Monday, February 27, 2017

marie webster

My February One monthly Goal was to spend some time every day, to work on my American Beauty Rose quilt designed by Marie Webster in the early 1900s. 
I was able to cut, and sew  most of the quilt and have completed 2 blocks and one more will be finished by the end of the month. I am very happy with the results. At this point, I plan to  prepare a few blocks for the hand stitching and leave it by my chair in the living room. Then, I can just put in a few stitches when time allows. 

"Marie Webster's quilts have been favorites of quilt makers ever since they were published over 80 years ago, and all quilt makers owe her a debt. Her designs... sparked a revolution in quilt design on the heels of the arts and crafts movement and the colonial revival, which emphasized the return to simpler traditions and handmade objects. Webster's quilts, the first to be published in color in Ladies Home Journal, were based on floral patterns which 'revitalized the art of applique with fresh new forms and a palette of pastel colors that would become the hallmark of American quilts in the 1920s and '30s.'

 Marie Webster was born in 1859 in a small town in rural northern Indiana..She married a successful businessman, George Webster, in 1884, and following an extended honeymoon the couple settled in Chicago. A few years later, the Webster’s moved to George’s home town of Marion, Indiana, a manufacturing center.  She had been embroidering household linens since she was a child, but did not make her first quilt until 1909, when she was 50 years old. Becoming a quilt enthusiast, she found the popular geometric pieced quilts not to her liking, and so applied her own patterns.  In the January 1, 1911 issue, Editor Edward Bok featured four full-color quilt designs of the amateur Marie Webster. With a circulation of over 1.5 million readers, the magazine made Marie Webster a household name. Readers wrote her for patterns. Within one month of the Ladies Home Journal publication, Webster was selling her quilt patterns for 50 cents. Her fame spreading, the New York publisher Doubleday, page & Co. invited Marie Webster to write a book on the history of quilting. Tracing the history back to ancient Egypt and up to America, Webster completed the book, which was published in 1915 as Quilts: Their Story and How to Make Them.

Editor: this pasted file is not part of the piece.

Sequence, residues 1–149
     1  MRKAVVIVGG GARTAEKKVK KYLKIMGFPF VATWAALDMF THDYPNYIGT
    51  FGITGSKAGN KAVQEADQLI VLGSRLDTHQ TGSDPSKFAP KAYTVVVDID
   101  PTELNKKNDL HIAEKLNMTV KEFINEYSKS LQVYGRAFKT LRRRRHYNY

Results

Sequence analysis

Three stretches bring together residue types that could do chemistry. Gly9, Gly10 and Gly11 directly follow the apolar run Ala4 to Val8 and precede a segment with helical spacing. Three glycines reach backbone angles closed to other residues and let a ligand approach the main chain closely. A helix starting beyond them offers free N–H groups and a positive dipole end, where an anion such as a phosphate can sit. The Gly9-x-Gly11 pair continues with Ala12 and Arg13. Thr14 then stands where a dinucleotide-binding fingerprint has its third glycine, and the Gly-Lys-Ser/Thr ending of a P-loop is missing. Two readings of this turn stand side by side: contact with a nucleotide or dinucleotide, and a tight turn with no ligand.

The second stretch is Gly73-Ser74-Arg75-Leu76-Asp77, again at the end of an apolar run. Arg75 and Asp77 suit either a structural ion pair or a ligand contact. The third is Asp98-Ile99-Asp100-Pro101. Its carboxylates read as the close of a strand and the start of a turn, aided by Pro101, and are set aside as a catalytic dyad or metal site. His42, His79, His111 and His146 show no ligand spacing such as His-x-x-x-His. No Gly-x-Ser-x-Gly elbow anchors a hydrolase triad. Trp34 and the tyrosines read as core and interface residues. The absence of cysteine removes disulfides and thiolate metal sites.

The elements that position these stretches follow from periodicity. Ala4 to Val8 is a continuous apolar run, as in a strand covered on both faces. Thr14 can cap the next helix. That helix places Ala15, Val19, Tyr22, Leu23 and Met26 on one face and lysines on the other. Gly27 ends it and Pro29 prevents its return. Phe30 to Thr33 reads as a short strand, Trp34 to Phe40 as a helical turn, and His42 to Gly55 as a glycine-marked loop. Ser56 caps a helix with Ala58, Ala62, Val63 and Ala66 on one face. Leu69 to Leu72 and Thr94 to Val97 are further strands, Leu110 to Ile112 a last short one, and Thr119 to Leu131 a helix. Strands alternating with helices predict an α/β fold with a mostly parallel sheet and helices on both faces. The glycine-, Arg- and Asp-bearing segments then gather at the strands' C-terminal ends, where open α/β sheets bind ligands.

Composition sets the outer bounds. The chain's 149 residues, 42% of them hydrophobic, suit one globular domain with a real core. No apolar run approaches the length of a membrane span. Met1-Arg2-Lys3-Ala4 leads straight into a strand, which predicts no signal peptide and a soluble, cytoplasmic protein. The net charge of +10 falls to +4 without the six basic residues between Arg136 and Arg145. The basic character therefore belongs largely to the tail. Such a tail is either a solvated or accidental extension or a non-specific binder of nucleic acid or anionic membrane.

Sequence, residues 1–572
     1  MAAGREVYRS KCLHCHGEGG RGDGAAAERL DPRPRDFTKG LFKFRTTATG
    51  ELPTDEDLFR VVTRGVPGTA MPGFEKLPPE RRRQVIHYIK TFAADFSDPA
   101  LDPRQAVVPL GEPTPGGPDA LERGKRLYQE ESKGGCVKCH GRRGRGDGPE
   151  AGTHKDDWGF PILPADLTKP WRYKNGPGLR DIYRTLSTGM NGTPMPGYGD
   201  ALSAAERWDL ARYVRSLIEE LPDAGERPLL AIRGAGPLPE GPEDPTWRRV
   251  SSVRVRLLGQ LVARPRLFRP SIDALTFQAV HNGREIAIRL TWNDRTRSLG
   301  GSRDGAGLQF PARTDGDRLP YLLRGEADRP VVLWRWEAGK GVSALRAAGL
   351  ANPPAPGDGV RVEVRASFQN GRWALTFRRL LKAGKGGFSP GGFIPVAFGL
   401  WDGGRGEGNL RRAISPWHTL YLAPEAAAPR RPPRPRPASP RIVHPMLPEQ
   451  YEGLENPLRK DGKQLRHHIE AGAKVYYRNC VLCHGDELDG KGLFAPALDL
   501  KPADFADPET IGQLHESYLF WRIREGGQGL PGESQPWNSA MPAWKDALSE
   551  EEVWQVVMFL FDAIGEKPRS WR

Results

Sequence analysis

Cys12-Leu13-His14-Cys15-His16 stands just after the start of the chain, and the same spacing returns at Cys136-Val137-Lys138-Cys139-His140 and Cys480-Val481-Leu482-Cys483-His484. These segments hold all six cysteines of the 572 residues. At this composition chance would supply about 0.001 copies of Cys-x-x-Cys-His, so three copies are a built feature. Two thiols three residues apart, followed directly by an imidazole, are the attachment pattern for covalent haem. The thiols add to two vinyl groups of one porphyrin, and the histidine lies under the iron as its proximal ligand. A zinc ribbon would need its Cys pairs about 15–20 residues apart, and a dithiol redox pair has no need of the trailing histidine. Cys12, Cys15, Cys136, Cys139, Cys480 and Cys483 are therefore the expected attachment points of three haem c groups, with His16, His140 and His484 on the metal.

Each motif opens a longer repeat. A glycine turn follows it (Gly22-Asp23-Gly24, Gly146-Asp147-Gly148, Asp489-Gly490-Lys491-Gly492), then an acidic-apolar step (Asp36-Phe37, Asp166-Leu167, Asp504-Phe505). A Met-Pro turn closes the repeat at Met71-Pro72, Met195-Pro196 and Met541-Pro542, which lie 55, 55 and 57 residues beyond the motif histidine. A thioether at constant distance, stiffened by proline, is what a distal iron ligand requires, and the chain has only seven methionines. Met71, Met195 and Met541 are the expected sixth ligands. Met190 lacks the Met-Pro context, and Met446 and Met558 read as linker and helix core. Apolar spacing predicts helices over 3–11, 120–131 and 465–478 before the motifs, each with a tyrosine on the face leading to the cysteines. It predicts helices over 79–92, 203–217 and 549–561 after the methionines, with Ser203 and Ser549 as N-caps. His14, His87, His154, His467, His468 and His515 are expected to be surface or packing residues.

In 1921 she formed, with two friends, The Practical Patchwork Company, and her manufacture of quilt patterns evolved into a true cottage industry. "

I am linking to:
Making Monday
Moving it Forward Monday 
Main Crush Monday


  1. What beautiful blocks. I can't wait to see the finished product.

  2. Pretty blocks. Thanks for linking up with Elm Street Quilts One Monthly Goal and congrats on your finish!

  3. What a lot of lovely information about Marie Webster, thanks. Your rendition of her blocks is beautiful. I think your color choices were great. I look forward to seeing your finish. How wonderful to recreate this pattern/quilt today - we can use more like it!

  4. I just looked up Marie Webster – and her book is now on my Paperbackswap wishlist! Thank you! Your quilt is so beautiful! Thank you so much for the history lesson as well! Your work and color choices are gorgeous! Glad I found you again on Em’s Scrapbag!

  5. Your American Beauty Rose blocks are beautiful! I love how the blocks link together via the "vines".

  6. Absolutely love the quilt history... I think it was her grandchildren that used coloured pencils to show colour placement in the patterns. :) Especially when they came as kits. Loving your quilt blocks. I love repeat motifs, but I never finish them as I get bored, and mine have to be different colours. As a result, I am always in awe of repeat blocks. xo

  7. Beautiful blocks, and a fascinating history lesson! Many Thanks!